Authors
Coghill, AE; Shiels, MS; Suneja, G; Engels, EA
MLA Citation
Coghill, AE, Shiels, MS, Suneja, G, and Engels, EA. "Elevated Cancer-Specific Mortality Among HIV-Infected Patients in the United States." Journal of clinical oncology : official journal of the American Society of Clinical Oncology 33.21 (July 2015): 2376-2383.
PMID
26077242
Source
epmc
Published In
Journal of Clinical Oncology
Volume
33
Issue
21
Publish Date
2015
Start Page
2376
End Page
2383
DOI
10.1200/jco.2014.59.5967

The Cervix Cancer Research Network: A Global Outreach Effort on Behalf of the Gynecologic Cancer InterGroup.

Authors
Gaffney, DK; Suneja, G; Ryu, SY; McCormick, M; Plante, M; Mileshkin, L; Small, W; Bacon, M; Stuart, G; Kitchener, H
MLA Citation
Gaffney, DK, Suneja, G, Ryu, SY, McCormick, M, Plante, M, Mileshkin, L, Small, W, Bacon, M, Stuart, G, and Kitchener, H. "The Cervix Cancer Research Network: A Global Outreach Effort on Behalf of the Gynecologic Cancer InterGroup." International journal of radiation oncology, biology, physics 92.3 (July 2015): 506-508.
PMID
26068483
Source
epmc
Published In
International Journal of Radiation Oncology, Biology, Physics
Volume
92
Issue
3
Publish Date
2015
Start Page
506
End Page
508
DOI
10.1016/j.ijrobp.2015.02.054

Disparities in cancer treatment among HIV-infected individuals

Authors
Suneja, G; Lin, CC; Simard, EP; Han, X; Engels, EA; Jemal, A
MLA Citation
Suneja, G, Lin, CC, Simard, EP, Han, X, Engels, EA, and Jemal, A. "Disparities in cancer treatment among HIV-infected individuals." May 20, 2015.
Source
wos-lite
Published In
Journal of Clinical Oncology
Volume
33
Issue
15
Publish Date
2015

Cancer Treatment in Patients With HIV Infection and Non-AIDS-Defining Cancers: A Survey of US Oncologists.

HIV-infected individuals with non-AIDS-defining cancers are less likely to receive cancer treatment compared with uninfected individuals. We sought to identify provider-level factors influencing the delivery of oncology care to HIV-infected patients.A survey was mailed to 500 randomly selected US medical and radiation oncologists. The primary outcome was delivery of standard treatment, assessed by responses to three specialty-specific management questions. We used the χ(2) test to evaluate associations between delivery of standard treatment, provider demographics, and perceptions of HIV-infected individuals. Multivariable logistic regression identified associations using factor analysis to combine several correlated survey questions.Our response rate was 60%; 69% of respondents felt that available cancer management guidelines were insufficient for the care of HIV-infected patients with cancer; 45% never or rarely discussed their cancer management plan with an HIV specialist; 20% and 15% of providers were not comfortable discussing cancer treatment adverse effects and prognosis with their HIV-infected patients with cancer, respectively; 79% indicated that they would provide standard cancer treatment to HIV-infected patients. In multivariable analysis, physicians comfortable discussing adverse effects and prognosis were more likely to provide standard cancer treatment (adjusted odds ratio, 1.52; 95% CI, 1.12 to 2.07). Physicians with concerns about toxicity and efficacy of treatment were significantly less likely to provide standard cancer treatment (adjusted odds ratio, 0.67; 95% CI, 0.53 to 0.85).Provider-level factors are associated with delivery of nonstandard cancer treatment to HIV-infected patients. Policy change, provider education, and multidisciplinary collaboration are needed to improve access to cancer treatment.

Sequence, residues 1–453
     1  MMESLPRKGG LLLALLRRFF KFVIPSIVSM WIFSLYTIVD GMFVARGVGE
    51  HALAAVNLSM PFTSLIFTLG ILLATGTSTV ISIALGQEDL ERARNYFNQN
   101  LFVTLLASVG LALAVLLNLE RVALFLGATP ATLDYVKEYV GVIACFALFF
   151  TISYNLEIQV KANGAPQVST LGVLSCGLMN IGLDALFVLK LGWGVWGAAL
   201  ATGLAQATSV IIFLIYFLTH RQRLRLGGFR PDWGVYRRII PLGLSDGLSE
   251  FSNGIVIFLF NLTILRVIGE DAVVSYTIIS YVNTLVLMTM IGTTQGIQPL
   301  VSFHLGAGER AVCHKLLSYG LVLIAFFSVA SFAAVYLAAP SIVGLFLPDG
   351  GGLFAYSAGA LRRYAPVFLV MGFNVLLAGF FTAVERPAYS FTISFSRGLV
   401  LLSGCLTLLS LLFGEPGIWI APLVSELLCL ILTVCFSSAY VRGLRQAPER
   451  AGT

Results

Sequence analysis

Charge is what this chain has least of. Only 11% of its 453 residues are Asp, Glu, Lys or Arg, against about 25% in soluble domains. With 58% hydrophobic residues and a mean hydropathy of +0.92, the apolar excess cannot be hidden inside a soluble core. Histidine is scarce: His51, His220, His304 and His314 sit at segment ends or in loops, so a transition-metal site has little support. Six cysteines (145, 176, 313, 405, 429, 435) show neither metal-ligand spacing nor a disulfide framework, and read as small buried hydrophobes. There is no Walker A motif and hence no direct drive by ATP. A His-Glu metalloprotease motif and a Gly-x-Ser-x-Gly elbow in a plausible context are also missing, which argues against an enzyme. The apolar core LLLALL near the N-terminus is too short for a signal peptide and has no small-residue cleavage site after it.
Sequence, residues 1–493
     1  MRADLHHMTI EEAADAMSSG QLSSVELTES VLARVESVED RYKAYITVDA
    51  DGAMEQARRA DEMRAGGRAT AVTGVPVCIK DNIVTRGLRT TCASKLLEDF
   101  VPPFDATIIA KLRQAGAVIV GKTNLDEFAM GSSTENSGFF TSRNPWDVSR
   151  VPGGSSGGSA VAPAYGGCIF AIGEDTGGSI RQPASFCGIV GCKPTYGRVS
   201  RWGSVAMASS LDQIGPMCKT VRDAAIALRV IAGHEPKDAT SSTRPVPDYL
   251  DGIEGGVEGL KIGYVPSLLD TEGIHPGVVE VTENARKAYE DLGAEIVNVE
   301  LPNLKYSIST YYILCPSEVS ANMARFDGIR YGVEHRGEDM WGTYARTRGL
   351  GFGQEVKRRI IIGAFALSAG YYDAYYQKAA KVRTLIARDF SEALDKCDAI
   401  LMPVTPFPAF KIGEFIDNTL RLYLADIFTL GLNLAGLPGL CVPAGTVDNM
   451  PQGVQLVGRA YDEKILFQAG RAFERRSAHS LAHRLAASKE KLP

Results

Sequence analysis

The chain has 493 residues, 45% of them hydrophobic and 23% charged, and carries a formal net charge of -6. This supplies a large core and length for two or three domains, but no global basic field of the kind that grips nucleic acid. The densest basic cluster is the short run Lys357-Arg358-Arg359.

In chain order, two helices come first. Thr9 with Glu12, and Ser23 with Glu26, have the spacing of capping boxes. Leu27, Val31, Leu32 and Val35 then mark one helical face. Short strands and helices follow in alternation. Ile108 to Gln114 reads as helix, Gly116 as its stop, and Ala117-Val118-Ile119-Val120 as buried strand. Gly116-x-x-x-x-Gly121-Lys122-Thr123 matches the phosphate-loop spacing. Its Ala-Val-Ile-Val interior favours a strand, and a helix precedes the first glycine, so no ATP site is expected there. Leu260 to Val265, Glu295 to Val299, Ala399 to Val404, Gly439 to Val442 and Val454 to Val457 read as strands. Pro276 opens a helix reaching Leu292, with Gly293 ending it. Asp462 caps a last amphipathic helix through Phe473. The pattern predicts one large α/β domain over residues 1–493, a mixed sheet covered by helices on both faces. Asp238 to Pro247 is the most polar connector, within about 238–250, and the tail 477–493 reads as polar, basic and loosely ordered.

Authors
Suneja, G; Boyer, M; Yehia, BR; Shiels, MS; Engels, EA; Bekelman, JE; Long, JA
MLA Citation